My mother has somewhere in her photo box this photograph of her great-grandfather (or my great-great grandfather) William Elliot. He was born (probably) in 1817 and died in 1897 . I don’t know exactly when it was taken, but he looks to be around sixty so I think it was probably 1880 give or take five years. It was around that time several of his sons emigrated to New Zealand, so my guess is that it was taken in order that they would have a memento of him.
Looking at William Elliot’s photograph the thought occurred to me, that this may well have been the only photograph ever taken of him. I find it to be a powerful and evocative image. It is carefully composed, and although I am sure he is wearing his Sunday best, it includes elements that show that he was a shepherd, his dog, his crook, and he has his plaid over his shoulder. It would also have been costly to produce. I have no idea exactly how much, but my guess is at least a days wages and possibly more than a weeks. It is a valuable image in every sense of the word.
Do we still make valuable images, in the sense of images that are worth valuing, today?
As the digital camera, either as a standalone device, or built into our mobile phones, became ubiquitous the volume of photographs taken has since multiplied by a factor of gazillions.
When I was a child, being allowed to take a photograph, with mum and dad’s camera was an unusual event. I might waste a shot by taking a picture of my finger. That wasted shot still had to be processed and paid for. Today four-year olds happily snap away with mum’s digital camera, because we know that we can just delete any and every image that doesn’t work and keep the one or two that we find amusing.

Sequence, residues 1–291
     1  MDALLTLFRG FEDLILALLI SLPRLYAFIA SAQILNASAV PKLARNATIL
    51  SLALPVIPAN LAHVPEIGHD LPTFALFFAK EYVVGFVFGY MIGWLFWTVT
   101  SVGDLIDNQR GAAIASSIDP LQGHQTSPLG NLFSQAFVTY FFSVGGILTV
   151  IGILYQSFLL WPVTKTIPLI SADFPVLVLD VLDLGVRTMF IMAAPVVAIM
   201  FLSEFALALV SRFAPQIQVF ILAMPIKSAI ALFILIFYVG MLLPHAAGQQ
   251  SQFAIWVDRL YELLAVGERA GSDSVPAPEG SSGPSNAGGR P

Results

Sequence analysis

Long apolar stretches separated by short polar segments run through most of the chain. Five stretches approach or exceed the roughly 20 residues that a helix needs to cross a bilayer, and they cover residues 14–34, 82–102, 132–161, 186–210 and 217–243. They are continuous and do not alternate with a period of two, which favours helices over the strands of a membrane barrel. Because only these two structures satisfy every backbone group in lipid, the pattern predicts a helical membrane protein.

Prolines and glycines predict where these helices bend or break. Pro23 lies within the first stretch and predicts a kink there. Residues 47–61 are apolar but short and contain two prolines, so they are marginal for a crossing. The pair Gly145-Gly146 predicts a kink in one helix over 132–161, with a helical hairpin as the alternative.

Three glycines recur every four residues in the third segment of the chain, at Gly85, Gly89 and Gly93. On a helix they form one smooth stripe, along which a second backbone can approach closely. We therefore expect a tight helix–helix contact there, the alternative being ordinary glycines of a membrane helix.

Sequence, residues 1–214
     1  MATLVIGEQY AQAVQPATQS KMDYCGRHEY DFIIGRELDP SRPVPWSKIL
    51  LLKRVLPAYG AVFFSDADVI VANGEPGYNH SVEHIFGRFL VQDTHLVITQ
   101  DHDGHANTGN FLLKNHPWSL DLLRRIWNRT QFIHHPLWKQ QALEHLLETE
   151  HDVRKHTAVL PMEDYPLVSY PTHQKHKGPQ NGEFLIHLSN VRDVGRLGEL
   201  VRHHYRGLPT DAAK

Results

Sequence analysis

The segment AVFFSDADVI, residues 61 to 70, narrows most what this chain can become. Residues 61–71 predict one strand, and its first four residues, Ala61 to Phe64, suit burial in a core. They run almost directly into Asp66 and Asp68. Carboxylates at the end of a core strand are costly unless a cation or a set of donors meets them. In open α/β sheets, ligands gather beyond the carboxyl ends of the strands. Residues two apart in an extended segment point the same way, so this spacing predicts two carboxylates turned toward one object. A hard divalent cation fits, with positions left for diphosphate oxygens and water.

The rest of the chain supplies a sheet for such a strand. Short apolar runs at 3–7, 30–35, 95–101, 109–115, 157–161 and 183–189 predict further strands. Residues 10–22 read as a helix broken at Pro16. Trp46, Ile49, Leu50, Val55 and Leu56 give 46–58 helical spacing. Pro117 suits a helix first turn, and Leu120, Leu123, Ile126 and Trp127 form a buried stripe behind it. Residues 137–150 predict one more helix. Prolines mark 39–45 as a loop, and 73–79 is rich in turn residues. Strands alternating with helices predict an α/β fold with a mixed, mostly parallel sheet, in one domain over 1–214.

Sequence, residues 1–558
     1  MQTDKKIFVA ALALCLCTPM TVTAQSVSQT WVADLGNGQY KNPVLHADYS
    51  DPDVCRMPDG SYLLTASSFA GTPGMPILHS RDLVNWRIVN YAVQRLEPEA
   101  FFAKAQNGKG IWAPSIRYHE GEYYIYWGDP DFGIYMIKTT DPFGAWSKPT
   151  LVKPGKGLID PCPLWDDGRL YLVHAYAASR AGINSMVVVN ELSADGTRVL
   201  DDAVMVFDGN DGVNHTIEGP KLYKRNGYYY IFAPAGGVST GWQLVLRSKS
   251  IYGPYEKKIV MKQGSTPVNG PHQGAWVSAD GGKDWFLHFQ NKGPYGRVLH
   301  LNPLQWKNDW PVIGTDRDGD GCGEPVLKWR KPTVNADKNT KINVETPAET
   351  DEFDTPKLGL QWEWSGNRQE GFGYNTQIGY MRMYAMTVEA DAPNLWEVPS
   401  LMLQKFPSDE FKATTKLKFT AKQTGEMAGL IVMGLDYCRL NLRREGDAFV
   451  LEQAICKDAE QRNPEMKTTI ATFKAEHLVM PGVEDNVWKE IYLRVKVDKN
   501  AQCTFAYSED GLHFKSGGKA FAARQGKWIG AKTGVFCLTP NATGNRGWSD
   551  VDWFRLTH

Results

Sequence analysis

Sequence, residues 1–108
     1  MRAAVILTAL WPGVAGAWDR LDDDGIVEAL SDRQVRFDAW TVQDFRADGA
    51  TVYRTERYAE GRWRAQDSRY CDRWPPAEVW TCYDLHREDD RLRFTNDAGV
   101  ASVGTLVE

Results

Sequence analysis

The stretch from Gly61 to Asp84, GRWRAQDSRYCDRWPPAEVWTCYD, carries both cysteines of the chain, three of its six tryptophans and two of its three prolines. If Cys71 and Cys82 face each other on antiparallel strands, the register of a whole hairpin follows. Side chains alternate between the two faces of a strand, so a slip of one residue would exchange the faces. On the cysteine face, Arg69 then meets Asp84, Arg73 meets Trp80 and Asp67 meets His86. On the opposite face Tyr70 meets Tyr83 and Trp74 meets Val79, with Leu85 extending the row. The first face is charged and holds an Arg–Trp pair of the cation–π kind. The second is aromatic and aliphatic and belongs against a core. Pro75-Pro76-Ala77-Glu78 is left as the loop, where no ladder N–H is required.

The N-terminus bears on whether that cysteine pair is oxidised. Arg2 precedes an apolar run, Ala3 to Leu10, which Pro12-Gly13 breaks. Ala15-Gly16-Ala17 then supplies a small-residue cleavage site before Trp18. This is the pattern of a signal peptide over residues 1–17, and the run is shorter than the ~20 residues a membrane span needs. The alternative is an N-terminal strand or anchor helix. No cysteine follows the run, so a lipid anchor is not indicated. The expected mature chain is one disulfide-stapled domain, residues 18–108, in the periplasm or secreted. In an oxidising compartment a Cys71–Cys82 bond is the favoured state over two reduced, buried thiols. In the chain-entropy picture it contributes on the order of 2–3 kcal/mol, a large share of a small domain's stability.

In all of this we have, I think lost sense of the value that a photograph can have. We rarely take time to compose photographs, we just snap away, knowing, hoping, that one of the 6035 images on the SD Card might just be worth keeping. I don’t think that we in general even think about what we are photographing, and I am not even convinced that we even look at, let alone look properly at the images we produce.
Quite a while ago, before I owned a digital camera, I was sorting through a pile of snapshots that I had taken on holiday. I found that I could barely identify the location of quarter of them. I made a conscious decision that day to take less photographs and make more sketches. When I look back through my sketch books I can recall exactly where I was when I made that sketch. I can remember what was happening around me, and what I was feeling at the time. Because I took ten minutes to sit down and actually look at what I was recording, rather than two seconds to push a random shutter.
I’m not saying don’t take photographs, I still take, I might even say make, but that sounds a bit pretentious, photographs. I know that there are some things that can’t be easily captured in a sketch but are caught in a photograph. What I am saying is look at what you are photographing before you take it. Look at the result after you have taken it. Exercise some kind of quality control before you dump the latest batch of photos on Facebook or Flickr. Possibly restrict the number of shots you allow yourself to take to say 20 per day to force yourself to choose your subject.
If you do manage to produce a valuable image, get it printed, because my mother’s copy of William Elliot’s photo will still be around when my digital copy as vanished into hyperspace.